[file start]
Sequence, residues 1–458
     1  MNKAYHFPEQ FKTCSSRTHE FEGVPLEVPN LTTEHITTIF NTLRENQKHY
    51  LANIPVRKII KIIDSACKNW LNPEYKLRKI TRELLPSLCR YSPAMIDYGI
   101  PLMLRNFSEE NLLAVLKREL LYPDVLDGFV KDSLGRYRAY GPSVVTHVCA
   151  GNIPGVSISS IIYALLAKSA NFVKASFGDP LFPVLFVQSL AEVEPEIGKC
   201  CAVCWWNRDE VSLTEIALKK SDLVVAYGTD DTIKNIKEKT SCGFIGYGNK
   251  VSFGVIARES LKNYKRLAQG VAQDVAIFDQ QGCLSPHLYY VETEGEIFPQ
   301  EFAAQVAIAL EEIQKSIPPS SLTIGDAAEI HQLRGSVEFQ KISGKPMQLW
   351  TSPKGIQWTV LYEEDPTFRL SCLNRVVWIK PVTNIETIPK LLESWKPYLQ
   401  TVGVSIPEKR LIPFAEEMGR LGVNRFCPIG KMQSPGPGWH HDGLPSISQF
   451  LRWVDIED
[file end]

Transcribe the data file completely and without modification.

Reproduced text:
Sequence, residues 1–458
     1  MNKAYHFPEQ FKTCSSRTHE FEGVPLEVPN LTTEHITTIF NTLRENQKHY
    51  LANIPVRKII KIIDSACKNW LNPEYKLRKI TRELLPSLCR YSPAMIDYGI
   101  PLMLRNFSEE NLLAVLKREL LYPDVLDGFV KDSLGRYRAY GPSVVTHVCA
   151  GNIPGVSISS IIYALLAKSA NFVKASFGDP LFPVLFVQSL AEVEPEIGKC
   201  CAVCWWNRDE VSLTEIALKK SDLVVAYGTD DTIKNIKEKT SCGFIGYGNK
   251  VSFGVIARES LKNYKRLAQG VAQDVAIFDQ QGCLSPHLYY VETEGEIFPQ
   301  EFAAQVAIAL EEIQKSIPPS SLTIGDAAEI HQLRGSVEFQ KISGKPMQLW
   351  TSPKGIQWTV LYEEDPTFRL SCLNRVVWIK PVTNIETIPK LLESWKPYLQ
   401  TVGVSIPEKR LIPFAEEMGR LGVNRFCPIG KMQSPGPGWH HDGLPSISQF
   451  LRWVDIED